|0.5-3.5||977||24.3 (2.9)||506 (51.8)||354 (36.2)||117 (12)|
|>3.5||2000||23.5 (3.1)||1284 (64.2)||571 (28.6)||145 (7.2)|
|Level of Education (years)||≤9||128||20.5 (2.3)||81 (61.8)||31 (23.6)||16 (12.2)||1.06||0.95-1.19||0.45|
|12-Oct||1067||20.4(2.3)||564 (51.9)||349 (32.1)||154 (14.1)|
|≥13||3078||24.9 (2.3)||1662 (53.4)||1018 (32.7)||398 (12.8)|
|Type of residence||Rural||1085||21.9 (2.4)||590 (54.3)||346 (31.9)||149 (13.7)||0.93||0.87-0.98||0.019|
|Urban||3241||22.9 (2.5)||1817 (56.0)||1000 (30.8)||424 (13.0)|
Table 2: Dietary habits, physical activity and lifestyle behaviors. Odds ratios (OR), 95% confidence intervals (CI), and p-values were calculated from multivariate analysis with an ordinal logistic regression model.
In multivariate analysis we found that lower BMI levels were associated with living in urban areas (OR: 0.93, CI: 0.87-0.98, p=0.019), with more time spend in sporting activities (OR: 0.65, CI: 0.61-0.70, p<0.001), and with more juice consumption (OR: 0.75, CI: 0.67-0.83, p<0.001). On the contrary, higher BMI levels were associated with more beverage consumption (OR: 1.26, CI: 1.14-1.39, p<0.001), and more alcohol consumption (OR: 1.15, CI: 1.04-1.28, p=0.007). Education and cigarette smoking were not correlated with BMI.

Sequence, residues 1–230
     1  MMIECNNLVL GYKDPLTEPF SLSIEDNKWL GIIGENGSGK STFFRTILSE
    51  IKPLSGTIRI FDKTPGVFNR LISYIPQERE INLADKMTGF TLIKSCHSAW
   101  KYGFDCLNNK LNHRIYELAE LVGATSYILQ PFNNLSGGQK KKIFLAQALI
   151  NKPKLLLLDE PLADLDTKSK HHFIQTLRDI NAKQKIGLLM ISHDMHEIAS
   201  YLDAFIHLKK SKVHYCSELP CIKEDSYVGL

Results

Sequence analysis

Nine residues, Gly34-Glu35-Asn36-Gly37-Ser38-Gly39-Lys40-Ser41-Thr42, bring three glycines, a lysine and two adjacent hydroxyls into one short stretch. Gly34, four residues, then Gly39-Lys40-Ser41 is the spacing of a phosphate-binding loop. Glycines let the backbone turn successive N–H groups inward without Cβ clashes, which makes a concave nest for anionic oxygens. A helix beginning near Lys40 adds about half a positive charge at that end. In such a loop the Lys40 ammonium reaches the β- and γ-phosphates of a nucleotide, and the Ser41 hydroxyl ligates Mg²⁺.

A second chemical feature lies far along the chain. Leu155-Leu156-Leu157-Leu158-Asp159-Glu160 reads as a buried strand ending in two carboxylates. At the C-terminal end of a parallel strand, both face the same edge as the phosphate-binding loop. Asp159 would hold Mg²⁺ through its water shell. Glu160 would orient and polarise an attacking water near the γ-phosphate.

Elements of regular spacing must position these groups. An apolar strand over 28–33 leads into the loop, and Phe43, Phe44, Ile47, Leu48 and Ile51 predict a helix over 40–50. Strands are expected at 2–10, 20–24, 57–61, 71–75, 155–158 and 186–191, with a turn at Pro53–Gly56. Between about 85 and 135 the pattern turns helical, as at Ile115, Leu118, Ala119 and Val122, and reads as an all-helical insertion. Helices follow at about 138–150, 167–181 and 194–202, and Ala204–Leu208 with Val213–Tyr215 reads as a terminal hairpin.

In the present study we determined the possible association of several socio-demographic and lifestyle factors with underweight, overweight, and obesity in a representative sample of Greek young men.
Obesity has reach epidemic proportion globally, and is now considered a disease of civilization . In Europe the number of obese people has tripled over the past 20 years and more than 50% of European adults are obese or overweight . As it was expected, the prevalence we found in our study for overweight and obesity was consistent with the above number, since Greece in the years before economic crisis was a wealthy country with living standards that did not differ from the rest of Europe. The prevalence is also comparable with a report from another study conducted in Greece in about the same time period .
In the present study we found a very low percentage of underweight individuals. Although there are only a few studies that address the issue of underweight, available reports from either developed [7,8] or developing [9,10] countries have shown a relatively higher prevalence of underweight than the one we report. While the reasons of underweight differ in each population, there is always an etiologic factor related with the underlying socio-economic conditions. In particular, in affluent countries the underweight problem is not related with lack of nutrients or food, but it is rather a complex issue of psychosocial and psychological characteristics attributable to individuals and their social backgrounds . In this context, our finding of underweight being positively correlated with the level of education comes as no surprise, since highly educated individuals are more prone to higher demands which in turn are associated with greater emotional symptoms and conduct problems .